The Concept of Co-inherence

In the Writings of Charles Williams


The theological writings of Charles Williams, though original and strangely compelling in concept, are, none the less, difficult. The difficulty sometimes arises from stylistic matters, but more often than not it comes from either using old terms in novel ways, or from the creation of new terms altogether. The centerpiece to all Williams’ theology is a concept he called Co-inherence.


The term Co-inherence was coined by Williams to denote a universal spiritual principle that worked itself out in the material realm in various ways. If we had to come up with a definition of Co-inherence it would read something like, “Things that exist in essential relationship with another, as innate components of the other.”


In considering how human kind comes closest to the unity of God in the three persons of the Trinity, Williams talks about, “A likeness to the manner by which it exists.” (Figure  Beatrice. 92). He goes on to explain,


            That manner is said to be by ‘co-inherence’ of the Divine Persons in each

            other, and it has been held that the unity of mankind consists in the analogical

            co-inherence of men with each other …” (Figure of Beatrice. 92)


Another example that Williams talks about is Mary as the Mother of Jesus. He says,


            The Incarnation, or rather the Motherhood of the Incarnation, is the

            function for which we were created …” (Figure of Beatrice. 92)


When he says “we” he means all human kind. The Incarnation of Christ within the womb of Mary gives us an example by analogy of the co-inherent type of existence we should be living on the planet.


Another example of Co-inherence is in becoming, “Inheritors of God, and fellow inheritors with Christ.” (Romans 8:17). We do this by accepting for ourselves (appropriating) the sacrifice of Christ on the cross made on our behalf. As Paul writes,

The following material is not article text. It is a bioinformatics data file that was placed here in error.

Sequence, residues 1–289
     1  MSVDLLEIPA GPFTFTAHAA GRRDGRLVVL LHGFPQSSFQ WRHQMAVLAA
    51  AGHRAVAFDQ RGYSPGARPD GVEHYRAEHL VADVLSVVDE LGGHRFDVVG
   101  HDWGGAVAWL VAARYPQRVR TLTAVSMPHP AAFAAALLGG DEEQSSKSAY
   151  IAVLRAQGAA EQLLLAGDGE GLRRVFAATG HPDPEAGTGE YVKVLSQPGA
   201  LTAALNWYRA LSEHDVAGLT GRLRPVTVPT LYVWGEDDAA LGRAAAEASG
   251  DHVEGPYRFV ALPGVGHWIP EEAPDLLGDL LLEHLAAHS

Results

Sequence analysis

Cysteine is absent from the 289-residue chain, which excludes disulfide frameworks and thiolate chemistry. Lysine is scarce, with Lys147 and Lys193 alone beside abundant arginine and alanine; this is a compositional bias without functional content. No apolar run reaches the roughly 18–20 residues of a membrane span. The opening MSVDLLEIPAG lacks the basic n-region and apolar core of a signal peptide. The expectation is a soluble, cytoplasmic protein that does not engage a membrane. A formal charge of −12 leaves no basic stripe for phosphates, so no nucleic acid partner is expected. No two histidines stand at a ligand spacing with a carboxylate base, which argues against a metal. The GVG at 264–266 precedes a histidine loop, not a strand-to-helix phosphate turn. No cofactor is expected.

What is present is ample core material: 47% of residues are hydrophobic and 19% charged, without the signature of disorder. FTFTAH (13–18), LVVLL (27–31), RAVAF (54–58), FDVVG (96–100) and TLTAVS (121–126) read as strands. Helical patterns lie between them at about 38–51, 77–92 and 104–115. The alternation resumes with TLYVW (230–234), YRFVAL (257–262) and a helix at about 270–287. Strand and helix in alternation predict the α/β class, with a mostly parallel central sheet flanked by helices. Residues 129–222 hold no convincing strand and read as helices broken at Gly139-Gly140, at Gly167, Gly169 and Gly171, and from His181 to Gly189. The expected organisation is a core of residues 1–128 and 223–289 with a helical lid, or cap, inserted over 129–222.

I have been crucified with Christ; and it is no longer I who lives, but Christ

            lives in me; and the life which I now live in the flesh I live by faith in the

            Son of God, who loved me, and delivered Himself up for me.

                                                                                                 (Galatians 2:20 NASB)


By accepting Christ’s death on the cross for ourselves, we participate in that death (being made dead to self) and in his resurrected life (being made alive in Christ). It is an act of Co-inherence between ourselves and Christ.


Other examples of Co-inherence in the natural and spiritual realm include the two natures of Christ (human and divine), the presence of Christ in the Eucharist (however you want to define that), the workings of the state (but especially of the city), all forms of love, and finally a woman’s physically bearing a child to the point of birth. All these Williams thought involved the working out of the idea of Co-inherence.


Williams used three other terms in regards to Co-inherence. Sometimes he would use these terms interchangeably with Co-inherence, and other times they would be referred to as sub-categories.